16 May 2018
The Macquarie Group Foundation recently held its inaugural Mentoring Week in the Americas. In just one week, Macquarie staff volunteered over 800 hours, engaging with over 250 young people and benefiting 25 non-profit organisations. This specific focus on mentoring is part of the Macquarie Group Foundation's new Americas grant-making strategy to support college access, persistence and career attainment for first-generation, low-income and underrepresented youth.
“Professional mentors are often the missing piece of the puzzle when it comes to success for first-generation youth,” says Erin Shakespeare, Americas Head, Macquarie Group Foundation.
“These mentors are able to motivate them by sharing their own experiences and professional insights. This helps them build their skills and confidence, giving them the tools to persist through college and obtain meaningful careers. The time that our staff takes to support these young people is an investment in the future.”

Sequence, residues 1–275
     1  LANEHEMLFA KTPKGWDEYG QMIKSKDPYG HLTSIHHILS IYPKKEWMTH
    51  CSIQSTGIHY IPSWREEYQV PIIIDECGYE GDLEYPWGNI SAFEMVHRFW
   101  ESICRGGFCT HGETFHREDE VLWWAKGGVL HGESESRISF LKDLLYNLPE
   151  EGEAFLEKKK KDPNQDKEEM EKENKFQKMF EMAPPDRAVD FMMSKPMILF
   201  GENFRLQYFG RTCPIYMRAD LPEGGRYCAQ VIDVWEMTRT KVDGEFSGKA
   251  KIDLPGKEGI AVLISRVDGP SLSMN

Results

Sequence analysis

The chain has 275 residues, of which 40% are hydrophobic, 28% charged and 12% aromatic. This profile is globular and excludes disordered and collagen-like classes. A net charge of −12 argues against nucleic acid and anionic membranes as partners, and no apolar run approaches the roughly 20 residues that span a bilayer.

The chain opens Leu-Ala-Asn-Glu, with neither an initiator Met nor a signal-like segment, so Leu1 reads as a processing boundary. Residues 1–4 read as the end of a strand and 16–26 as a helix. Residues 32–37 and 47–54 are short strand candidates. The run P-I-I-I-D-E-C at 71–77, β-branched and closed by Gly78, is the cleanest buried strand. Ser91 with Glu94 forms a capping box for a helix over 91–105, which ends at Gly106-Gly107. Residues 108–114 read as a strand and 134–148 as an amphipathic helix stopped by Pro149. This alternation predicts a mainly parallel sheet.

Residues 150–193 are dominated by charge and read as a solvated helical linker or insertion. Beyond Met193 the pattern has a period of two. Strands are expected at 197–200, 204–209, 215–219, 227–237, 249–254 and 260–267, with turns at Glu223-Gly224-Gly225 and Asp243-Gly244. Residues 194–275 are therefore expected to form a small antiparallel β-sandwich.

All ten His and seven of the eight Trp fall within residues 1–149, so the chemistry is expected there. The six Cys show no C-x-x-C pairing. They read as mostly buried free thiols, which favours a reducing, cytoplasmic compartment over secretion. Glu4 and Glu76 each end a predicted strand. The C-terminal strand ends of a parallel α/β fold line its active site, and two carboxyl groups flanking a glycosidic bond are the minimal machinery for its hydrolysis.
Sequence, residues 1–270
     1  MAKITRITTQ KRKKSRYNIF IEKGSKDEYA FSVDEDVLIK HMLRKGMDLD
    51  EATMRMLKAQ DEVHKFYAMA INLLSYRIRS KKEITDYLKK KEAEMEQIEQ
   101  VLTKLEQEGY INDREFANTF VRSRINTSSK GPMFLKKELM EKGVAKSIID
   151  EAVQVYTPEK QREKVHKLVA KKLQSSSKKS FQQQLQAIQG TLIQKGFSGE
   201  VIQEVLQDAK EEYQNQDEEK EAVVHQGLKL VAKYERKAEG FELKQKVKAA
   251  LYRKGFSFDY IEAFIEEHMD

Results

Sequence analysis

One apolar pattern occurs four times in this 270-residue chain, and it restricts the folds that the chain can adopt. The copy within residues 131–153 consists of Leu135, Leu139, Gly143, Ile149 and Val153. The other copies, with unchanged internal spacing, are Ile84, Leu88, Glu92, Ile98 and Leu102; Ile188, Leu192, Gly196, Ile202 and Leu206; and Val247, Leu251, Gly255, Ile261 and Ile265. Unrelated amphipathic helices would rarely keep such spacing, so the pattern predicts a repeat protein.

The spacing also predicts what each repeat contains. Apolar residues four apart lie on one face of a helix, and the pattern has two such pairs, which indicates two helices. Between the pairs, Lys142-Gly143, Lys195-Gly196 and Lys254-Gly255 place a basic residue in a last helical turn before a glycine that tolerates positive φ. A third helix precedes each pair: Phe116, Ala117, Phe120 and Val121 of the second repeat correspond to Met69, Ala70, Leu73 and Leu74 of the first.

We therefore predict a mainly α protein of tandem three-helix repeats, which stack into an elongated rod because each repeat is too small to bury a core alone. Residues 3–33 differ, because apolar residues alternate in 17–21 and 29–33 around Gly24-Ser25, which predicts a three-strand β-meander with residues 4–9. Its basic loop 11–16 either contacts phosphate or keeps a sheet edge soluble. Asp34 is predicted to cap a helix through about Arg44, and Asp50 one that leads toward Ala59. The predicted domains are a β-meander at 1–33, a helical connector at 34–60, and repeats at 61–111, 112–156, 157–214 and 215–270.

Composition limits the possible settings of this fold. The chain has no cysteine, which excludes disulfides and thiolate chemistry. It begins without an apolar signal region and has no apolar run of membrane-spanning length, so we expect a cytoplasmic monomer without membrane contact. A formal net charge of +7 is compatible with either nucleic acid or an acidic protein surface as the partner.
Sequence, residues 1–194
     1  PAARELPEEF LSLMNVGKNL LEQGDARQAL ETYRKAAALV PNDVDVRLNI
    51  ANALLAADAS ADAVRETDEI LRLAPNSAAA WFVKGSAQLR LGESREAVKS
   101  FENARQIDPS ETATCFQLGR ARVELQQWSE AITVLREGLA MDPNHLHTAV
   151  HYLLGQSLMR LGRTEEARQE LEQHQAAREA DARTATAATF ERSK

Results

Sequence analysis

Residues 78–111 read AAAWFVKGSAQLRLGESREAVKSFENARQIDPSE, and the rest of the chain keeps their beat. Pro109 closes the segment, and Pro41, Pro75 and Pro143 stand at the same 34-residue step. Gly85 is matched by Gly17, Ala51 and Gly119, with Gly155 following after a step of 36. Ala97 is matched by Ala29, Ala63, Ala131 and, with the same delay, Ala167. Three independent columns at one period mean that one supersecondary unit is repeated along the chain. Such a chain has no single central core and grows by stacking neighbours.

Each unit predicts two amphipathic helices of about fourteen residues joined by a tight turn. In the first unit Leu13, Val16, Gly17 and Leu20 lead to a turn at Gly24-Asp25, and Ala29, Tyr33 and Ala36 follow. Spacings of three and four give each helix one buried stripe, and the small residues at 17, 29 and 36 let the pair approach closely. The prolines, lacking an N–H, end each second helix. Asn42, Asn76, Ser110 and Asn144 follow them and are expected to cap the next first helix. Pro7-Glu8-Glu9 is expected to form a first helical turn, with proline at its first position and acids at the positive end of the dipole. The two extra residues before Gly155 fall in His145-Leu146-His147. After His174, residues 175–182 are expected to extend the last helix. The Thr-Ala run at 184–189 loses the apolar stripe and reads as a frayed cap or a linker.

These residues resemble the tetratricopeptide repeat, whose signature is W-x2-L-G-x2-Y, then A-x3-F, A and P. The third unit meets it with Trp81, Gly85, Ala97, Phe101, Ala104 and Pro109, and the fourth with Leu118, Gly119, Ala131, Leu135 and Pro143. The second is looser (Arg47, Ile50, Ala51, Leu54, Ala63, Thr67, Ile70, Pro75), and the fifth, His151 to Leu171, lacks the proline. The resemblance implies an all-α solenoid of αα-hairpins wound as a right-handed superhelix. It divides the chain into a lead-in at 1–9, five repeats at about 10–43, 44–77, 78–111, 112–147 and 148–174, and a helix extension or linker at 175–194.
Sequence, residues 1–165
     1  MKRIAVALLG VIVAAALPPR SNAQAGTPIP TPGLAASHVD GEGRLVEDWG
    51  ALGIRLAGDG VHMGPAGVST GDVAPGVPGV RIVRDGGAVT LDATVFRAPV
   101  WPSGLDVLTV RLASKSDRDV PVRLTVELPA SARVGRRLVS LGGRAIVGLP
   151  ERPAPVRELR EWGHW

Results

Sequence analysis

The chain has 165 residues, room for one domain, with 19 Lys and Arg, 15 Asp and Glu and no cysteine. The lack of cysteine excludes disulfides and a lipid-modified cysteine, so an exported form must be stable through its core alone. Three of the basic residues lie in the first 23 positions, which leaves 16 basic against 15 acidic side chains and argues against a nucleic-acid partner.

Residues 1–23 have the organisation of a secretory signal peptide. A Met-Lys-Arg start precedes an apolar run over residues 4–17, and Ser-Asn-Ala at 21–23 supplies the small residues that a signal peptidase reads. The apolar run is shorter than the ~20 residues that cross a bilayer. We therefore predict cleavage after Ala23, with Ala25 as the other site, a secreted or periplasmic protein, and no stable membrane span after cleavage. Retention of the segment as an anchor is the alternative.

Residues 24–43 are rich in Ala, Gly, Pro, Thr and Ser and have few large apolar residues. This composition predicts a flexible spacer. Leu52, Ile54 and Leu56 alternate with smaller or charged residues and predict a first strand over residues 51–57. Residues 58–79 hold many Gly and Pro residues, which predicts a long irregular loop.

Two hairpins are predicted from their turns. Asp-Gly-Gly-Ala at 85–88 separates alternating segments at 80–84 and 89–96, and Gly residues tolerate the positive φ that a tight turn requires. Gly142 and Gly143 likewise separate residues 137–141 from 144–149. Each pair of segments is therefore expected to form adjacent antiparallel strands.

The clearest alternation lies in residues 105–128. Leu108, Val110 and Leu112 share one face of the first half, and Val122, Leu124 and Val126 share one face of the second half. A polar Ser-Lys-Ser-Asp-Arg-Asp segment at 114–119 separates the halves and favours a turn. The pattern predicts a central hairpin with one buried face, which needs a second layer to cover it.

According to the Pell Institute, only 11% of first-generation students graduate college. Macquarie Group Foundation will aim to make an impact by supporting transformative programs and providing young people career exposure, mentoring, access to social networks, internships, and financial support.
Mentoring can take many forms, such as sharing knowledge, coaching young people on essential college admissions, job attainment, business, and socio-emotional skills that can contribute to their college and career success.
There were over 25 volunteering and awareness events across the region for Macquarie staff to participate in during Mentoring Week. Many of these involved Macquarie’s strategic grantees, including a job readiness workshop with America Needs You, mentor training with MENTOR, the National Mentorship Partnership, and a career exploration workshop with Philadelphia Futures.
Image caption: Macquarie employee mentors a young person.